What does the term "added value" mean to you? Add-on sales? Better customer service? Increased margins? For those in visual merchandising, it means the sell-through that is achieved through the art of display. Well-conceived product presentations sell merchandise. It's a fact. And one of the best places to get visual merchandising ideas is at trade shows.
This year's Outdoor Retailer Summer Market featured a series of visual merchandising tours of exhibitor booths, sponsored by Outdoor Retailer, pointing out the product displays that could easily be translated in the retail store. In the next few months, we'll discuss the best ideas found during the tours, why they captured our attention, and how to adapt them to the retail environment. The ideas apply to a broad range of products, companies, brands and segments, too.
There's also something in this for you, our readers. We want to know how you applied tips and suggestions from our Merchandising Tour article series in your own store. Send SNEWS® your images and a paragraph or two explaining what you did, and you'll be entered in a contest to win free lodging at Outdoor Retailer Winter Market 2010.
Keen has won numerous SNEWS BOB Awards in the past for its creative booth design, which you can see by clicking here. At Outdoor Retailer Summer Market 2009, however, the company took a new approach with an emphasis on connecting with the community. The company philosophy statement states: "Create, Play & Care. It's a way of life. We call it Hybridlife." That statement boldly headed an entire booth wall facing a main aisle.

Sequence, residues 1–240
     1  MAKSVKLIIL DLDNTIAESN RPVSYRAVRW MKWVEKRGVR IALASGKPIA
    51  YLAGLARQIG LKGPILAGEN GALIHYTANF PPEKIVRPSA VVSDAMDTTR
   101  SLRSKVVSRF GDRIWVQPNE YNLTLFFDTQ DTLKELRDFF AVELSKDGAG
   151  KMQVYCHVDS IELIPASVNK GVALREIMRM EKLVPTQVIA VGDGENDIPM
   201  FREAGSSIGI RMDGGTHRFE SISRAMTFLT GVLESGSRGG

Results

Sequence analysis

The wall featured large photographs of real people who are activists in their communities. Rough-hewn wood slats framed the photos and small chalkboards attached to the frames held personal quotes. The seemingly random arrangement of the graphics gave a casual feel to the display and made it more approachable.
So what's the takeaway from this display? First, get involved as a company in your community. Take stock of how you are involved. And, if you are not, find some way to participate in community efforts that mean something to you. Talk to your customers and find out how they are giving back. Showcase their efforts by devoting a portion of a store wall to telling their stories (and yours). It doesn't have to be fancy. Make it your own. Use recycled materials and add some props.
One of the coolest things Keen did in the booth was to utilize chalkboards as category headers around the booth in addition to using them on the wall display. And to make the chalkboard signage stand out, the company used colored chalk and an artistic person to add designs. As signage, chalkboards make a lot of sense as they are reusable and easy to create in-house. If you haven't already discovered chalkboard paint, go to your local Target or paint store and check it out.
You can use almost any substrate on which to use the paint -- wood, plastic, glass, Masonite or gatorboard. Cut it to the size you want, purchase some chalk, and you're ready to go. Here's an idea: Create a metal chalkboard to hang on your community wall and let customers add their thoughts on small notes to attach with small magnets. Or invite customers to add their messages using chalk. Who doesn't remember loving to write on the school blackboard?
Let this idea stimulate more ways to strengthen your relationship with your customers and community. It's all about values. Show yours.
Join Sharon Leicham, author of "Merchandising Your Way to Success" and merchandising editor for SNEWS®, during Outdoor Retailer Winter Market 2010 for the second Outdoor Retailer Merchandising Tour program. These hour-long merchandising tours of select exhibitor booths and displays give retailers an unprecedented opportunity to tap into Leicham's 40 years of experience in merchandising with manufacturers such as Specialized Bicycle Components and Sierra Designs. Email email@example.com to put your name on a contact list for more information and priority scheduling for the Outdoor Retailer Merchandising Tours, Winter Market 2010 -- spaces are limited.